Tecentriq Significantly Improves Survival Outcome in Patients with Early-Stage Non-Small Cell Lung Cancer

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The data, according to an expert, show that treatment with Tecentriq could delay disease progression to an advanced stage, as well as the need for more aggressive therapy.

Treatment with Tecentriq (atezolizumab) following surgery was associated with a significant improvement in disease-free survival among patients with stage 2 to 3A non–small cell lung cancer (NSCLC), compared to the best supportive care.

Moreover, the data — which were presented during a news briefing prior to the 2021 American Society of Clinical Oncology (ASCO) Annual Meeting — indicated that the benefit was particularly pronounced in patients who had a PD-L1–positive tumor.

“Though surgery can cure some patients with early-stage lung cancer, disease recurrence is still very common. Until this trial, the only treatment that was known to help reduce that risk for most patients was chemotherapy, or osimertinib [Tagrisso] for the small group of patients with tumors with an EGFR mutation,” said lead study author Dr. Heather Wakelee, a thoracic specialist and chief of the Division of Oncology at Stanford University Medical Center, in a news release. “These data show that personalized medicine with (Tecentriq) can reduce the chance of NSCLC returning after surgery for patients who have a tumor that expresses the biomarker PD-L1.”

Despite the progress that has been made for patients with early-stage disease who harbor EGFR sensitizing mutations, the standard of care remains platinum-based chemotherapy for most patients with resected NSCLC.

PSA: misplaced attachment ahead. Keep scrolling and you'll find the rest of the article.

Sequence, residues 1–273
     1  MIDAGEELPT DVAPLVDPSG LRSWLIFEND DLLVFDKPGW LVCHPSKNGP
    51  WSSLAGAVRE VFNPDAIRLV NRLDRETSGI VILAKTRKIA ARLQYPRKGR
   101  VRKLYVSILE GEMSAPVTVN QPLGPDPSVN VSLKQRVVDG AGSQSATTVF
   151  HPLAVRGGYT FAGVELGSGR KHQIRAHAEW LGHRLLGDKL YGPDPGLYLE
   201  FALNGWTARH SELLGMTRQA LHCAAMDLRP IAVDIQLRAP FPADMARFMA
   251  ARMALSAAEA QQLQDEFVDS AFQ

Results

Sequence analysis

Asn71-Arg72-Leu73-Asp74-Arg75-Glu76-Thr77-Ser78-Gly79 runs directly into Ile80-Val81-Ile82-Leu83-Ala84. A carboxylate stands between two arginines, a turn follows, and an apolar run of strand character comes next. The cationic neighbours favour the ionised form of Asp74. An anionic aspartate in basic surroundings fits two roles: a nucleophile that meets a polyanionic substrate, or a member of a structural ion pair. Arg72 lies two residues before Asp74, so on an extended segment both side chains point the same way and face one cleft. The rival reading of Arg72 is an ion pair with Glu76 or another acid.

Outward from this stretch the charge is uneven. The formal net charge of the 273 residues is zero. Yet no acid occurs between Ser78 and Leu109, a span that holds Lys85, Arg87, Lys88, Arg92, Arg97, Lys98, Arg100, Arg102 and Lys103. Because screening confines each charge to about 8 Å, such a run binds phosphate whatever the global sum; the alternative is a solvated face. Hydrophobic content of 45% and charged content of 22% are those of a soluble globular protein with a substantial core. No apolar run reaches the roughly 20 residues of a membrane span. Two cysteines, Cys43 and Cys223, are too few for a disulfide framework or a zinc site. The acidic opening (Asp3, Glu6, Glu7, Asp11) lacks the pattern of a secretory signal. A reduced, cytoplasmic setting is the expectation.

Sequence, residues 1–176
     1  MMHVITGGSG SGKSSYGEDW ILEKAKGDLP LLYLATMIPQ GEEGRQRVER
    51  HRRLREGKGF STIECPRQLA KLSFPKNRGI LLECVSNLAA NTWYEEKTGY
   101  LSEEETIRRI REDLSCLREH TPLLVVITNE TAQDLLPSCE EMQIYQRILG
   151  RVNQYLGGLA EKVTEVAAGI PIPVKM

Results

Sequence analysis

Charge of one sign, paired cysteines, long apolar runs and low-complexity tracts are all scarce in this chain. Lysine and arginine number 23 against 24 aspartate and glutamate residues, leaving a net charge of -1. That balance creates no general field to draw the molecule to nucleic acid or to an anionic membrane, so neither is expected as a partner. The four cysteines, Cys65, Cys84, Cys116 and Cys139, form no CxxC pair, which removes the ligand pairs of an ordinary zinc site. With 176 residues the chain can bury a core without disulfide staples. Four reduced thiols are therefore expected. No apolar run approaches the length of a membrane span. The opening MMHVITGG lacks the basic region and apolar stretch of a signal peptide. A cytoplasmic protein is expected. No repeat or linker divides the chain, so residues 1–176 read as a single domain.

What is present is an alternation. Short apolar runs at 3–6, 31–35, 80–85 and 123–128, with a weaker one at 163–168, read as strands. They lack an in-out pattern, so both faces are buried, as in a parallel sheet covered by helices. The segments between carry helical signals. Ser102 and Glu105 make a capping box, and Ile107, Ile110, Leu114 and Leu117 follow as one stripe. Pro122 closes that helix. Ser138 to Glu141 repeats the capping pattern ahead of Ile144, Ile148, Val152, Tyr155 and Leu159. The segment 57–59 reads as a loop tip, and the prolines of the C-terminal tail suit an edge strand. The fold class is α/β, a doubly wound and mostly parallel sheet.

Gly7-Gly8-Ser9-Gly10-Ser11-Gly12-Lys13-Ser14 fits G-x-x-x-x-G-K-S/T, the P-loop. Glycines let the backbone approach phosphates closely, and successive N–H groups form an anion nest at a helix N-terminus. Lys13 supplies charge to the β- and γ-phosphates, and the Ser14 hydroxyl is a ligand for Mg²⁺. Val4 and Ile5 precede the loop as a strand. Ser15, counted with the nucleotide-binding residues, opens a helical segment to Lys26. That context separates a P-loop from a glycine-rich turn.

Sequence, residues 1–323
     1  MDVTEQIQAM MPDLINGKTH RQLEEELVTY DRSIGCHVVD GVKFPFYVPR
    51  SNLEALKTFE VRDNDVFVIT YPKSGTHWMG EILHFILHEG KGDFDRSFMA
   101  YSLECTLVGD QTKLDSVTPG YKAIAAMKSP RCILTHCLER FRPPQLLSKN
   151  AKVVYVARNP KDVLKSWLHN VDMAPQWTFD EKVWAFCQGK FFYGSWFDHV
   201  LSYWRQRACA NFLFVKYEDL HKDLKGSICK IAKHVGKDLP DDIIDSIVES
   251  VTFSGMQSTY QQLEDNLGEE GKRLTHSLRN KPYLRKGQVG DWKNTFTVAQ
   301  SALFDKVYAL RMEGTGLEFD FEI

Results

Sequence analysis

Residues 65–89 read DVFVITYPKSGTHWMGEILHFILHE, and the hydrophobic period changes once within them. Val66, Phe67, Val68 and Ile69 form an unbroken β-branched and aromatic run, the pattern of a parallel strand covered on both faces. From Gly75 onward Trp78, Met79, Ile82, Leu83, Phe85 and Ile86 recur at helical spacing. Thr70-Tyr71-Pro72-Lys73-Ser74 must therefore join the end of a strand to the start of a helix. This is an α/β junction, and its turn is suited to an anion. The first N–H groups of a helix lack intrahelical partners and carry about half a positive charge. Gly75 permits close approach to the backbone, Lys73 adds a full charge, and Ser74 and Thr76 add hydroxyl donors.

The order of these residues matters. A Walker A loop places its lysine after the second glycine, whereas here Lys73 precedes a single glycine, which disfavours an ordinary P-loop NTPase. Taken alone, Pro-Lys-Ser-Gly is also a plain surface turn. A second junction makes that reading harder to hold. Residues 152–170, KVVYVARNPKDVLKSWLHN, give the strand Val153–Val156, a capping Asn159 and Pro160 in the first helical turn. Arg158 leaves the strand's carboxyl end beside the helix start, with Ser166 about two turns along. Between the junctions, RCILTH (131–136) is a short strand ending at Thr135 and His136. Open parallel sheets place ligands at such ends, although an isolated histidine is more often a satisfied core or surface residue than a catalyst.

Patients had to have had completely resected stage 1B to 3A NSCLC to be enrolled onto the study. After 1,280 patients received between one and four cycles of the chemotherapy cisplatin plus pemetrexed, gemcitabine, docetaxel or vinorelbine, they were randomized to either Tecentriq every 21 days for 16 cycles (1,005 patients) or treatment with best supportive care (1,005 patients).

Measuring disease-free survival (the time after treatment without signs of cancer) in patients with stage 2 to 3A disease, as well as a PD-L1 expression of at least 1% on tumor cells, was the main goal of the study. Other goals included assessing overall survival and disease-free survival in patients with a high expression of PD-L1.

Among patients whose tumors expressed a PD-L1 expression of at least 1%, the data demonstrated that a median disease free survival (DFS) was not evaluable in 248 patients who received Tecentriq compared to a median DFS of 35.3 months in 228 patients treated with best supportive care. Two-year DFS rates were 74.6% in the Tecentriq group and 61% in the best supportive care group. Additionally, three-year DFS rates were 60% in those who received Tecentriq and 48.2% in the best supportive care group.

Treatment with Tecentriq in the other patients was associated with a median DFS of 42.3 months compared to 35.3 months in those who received best supportive care. Two-year DFS was 70.2% with Tecentriq and 61.6% with best supportive care. Additionally, the three-year DFS was 55.7% and 49.4%, respectively.

In terms of safety, 92.7% of 495 patients who received Tecentriq reported a side effect compared to 70.7% of 495 patients in the best supportive care group. Of note, 21.8% of the side effects in the Tecentriq group and 11.5% of side effects in the best supportive care group were considered serious or severe.

None of the patients in the best supportive care group had to withdraw from treatment because of their side effects, however 18.2% of those who received Tecentriq did.

More analyses of DFS and overall survival data are expected to continue as more data are collected over time.

“For the first time, we are seeing that an immunotherapy is effective when used to treat early-stage lung cancer. The IMpower010 trial demonstrates that, for certain patients, (Tecentriq) can delay progression to advanced disease, and perhaps even the need for more aggressive therapy. This could be an important advance in our understanding of immunotherapy and a step forward for many patients with lung cancer” noted ASCO chief medical officer and executive vice president Dr. Julie R. Gralow in the release.

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